Mitigating the Consequences of Labor Unrest on Construction Projects

Construction equipment

The construction industry has been historically strike-prone with approximately 22% of all strikes during the 1960s involving construction projects.

February 14, 2023
Cameron Lukas, Alan Winkler & Gregory Begg - ConsensusDocs

Until this past year, we have enjoyed an era of relative labor stability. It’s true, however, that labor unrest frequently coincides with inflationary pressure on prices, something that we are currently experiencing. The recent nationwide rail workers strike was averted only through the extraordinary intervention of the federal government. More recently, thousands of academic workers in the University of California system went on strike. Underscoring this development was a November 2022 New York Times article reporting that polls showed the highest level of support for organized labor since the 1960s. The same article also quoted a professor of labor relations warning that the current economy presents a high potential for strikes. This recalls the sixties and seventies when increased costs due to inflation led to a multitude of strikes.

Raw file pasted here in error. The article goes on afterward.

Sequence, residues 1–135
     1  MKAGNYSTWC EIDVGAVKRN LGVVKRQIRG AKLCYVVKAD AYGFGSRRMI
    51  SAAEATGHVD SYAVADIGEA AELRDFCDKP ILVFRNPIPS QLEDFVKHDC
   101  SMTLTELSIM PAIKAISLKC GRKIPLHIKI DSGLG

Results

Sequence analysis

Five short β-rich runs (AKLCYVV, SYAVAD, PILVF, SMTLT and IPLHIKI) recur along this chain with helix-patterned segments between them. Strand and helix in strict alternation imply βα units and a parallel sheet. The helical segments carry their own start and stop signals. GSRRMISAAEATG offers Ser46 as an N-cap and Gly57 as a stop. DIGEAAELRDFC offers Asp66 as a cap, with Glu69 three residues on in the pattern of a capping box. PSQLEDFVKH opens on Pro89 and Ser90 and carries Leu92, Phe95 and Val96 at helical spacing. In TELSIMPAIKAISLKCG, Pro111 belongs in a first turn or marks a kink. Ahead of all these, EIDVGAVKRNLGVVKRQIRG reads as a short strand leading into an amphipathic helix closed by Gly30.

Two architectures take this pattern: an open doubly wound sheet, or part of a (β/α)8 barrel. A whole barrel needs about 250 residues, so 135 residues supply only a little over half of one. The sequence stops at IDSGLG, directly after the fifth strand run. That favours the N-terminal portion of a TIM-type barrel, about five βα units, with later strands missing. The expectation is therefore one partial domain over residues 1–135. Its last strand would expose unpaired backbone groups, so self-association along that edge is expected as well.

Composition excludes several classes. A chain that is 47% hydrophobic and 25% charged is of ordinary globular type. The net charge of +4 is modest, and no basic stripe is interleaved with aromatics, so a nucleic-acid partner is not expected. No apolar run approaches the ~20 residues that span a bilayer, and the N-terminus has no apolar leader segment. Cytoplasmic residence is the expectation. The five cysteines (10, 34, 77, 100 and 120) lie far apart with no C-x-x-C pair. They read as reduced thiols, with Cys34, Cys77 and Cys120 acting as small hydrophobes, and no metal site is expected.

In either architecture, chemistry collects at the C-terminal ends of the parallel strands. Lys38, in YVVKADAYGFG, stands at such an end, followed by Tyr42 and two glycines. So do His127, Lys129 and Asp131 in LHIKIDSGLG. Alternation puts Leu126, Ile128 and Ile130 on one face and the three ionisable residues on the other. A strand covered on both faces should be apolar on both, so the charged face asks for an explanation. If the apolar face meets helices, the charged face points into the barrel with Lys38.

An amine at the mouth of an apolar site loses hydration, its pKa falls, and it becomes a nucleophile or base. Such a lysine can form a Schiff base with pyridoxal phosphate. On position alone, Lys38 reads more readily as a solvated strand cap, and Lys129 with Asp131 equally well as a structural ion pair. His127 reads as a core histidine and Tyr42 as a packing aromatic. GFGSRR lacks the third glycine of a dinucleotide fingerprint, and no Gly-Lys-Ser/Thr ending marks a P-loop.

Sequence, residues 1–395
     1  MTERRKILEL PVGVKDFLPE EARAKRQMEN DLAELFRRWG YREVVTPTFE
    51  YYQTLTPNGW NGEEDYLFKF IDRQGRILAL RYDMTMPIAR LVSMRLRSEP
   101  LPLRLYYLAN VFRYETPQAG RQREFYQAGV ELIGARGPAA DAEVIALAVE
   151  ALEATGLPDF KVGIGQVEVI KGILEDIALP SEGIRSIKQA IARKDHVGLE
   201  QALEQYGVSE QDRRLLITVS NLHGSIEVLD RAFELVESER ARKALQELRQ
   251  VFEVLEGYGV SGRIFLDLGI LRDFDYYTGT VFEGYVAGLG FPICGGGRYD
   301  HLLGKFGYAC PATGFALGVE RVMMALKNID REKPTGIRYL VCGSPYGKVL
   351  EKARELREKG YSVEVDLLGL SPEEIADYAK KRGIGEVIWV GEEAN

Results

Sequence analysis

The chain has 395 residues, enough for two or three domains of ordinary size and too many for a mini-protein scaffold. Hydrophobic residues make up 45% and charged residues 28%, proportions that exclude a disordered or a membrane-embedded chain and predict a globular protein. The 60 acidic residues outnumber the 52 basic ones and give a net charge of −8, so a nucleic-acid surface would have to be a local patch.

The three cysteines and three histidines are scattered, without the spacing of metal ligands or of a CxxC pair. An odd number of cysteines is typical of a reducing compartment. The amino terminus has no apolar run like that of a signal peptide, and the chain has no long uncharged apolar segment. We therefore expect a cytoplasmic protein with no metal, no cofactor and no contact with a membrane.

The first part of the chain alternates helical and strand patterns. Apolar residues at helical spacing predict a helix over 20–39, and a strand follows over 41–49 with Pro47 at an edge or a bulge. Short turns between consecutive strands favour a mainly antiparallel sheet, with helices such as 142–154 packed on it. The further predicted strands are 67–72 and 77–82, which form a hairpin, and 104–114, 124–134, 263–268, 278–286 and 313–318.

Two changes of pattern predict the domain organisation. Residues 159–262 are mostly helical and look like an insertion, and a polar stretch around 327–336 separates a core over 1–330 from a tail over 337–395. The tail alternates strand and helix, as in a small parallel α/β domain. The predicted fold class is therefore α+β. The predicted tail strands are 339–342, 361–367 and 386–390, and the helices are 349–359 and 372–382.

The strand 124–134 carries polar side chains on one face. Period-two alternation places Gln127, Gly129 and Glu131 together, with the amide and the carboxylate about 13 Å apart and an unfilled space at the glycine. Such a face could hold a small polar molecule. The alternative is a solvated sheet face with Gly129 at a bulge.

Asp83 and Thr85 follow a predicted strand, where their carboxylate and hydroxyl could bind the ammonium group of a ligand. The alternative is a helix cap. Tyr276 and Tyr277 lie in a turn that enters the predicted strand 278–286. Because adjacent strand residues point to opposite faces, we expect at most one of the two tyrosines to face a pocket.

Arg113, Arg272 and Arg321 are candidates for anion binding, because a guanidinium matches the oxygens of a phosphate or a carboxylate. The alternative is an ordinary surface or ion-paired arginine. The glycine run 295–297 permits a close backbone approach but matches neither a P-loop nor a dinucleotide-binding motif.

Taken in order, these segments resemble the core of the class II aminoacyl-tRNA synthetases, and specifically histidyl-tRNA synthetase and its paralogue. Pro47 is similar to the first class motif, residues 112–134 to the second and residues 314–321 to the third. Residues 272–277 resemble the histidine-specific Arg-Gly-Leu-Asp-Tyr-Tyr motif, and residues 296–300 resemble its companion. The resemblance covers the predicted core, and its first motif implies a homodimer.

The construction industry has been historically strike-prone with approximately 22% of all strikes during the 1960s involving construction projects, contrasted with the fact that construction workers themselves accounted for only roughly 5% of the nation’s nonagricultural labor force. Incredibly, in 1969 alone, a record number of nearly 1,000 construction strikes occurred nationwide with 20 million worker days lost, more than five times the lost working time of the rest of the economy.[1]

Reprinted courtesy of Cameron Lukas, Peckar & Abramson, P.C, Alan Winkler, Peckar & Abramson, P.C and Gregory Begg, Peckar & Abramson, P.C
Mr. Lukas may be contacted at clukas@pecklaw.com
Mr. Winkler may be contacted at awinkler@pecklaw.com
Mr. Begg may be contacted at gbegg@pecklaw.com



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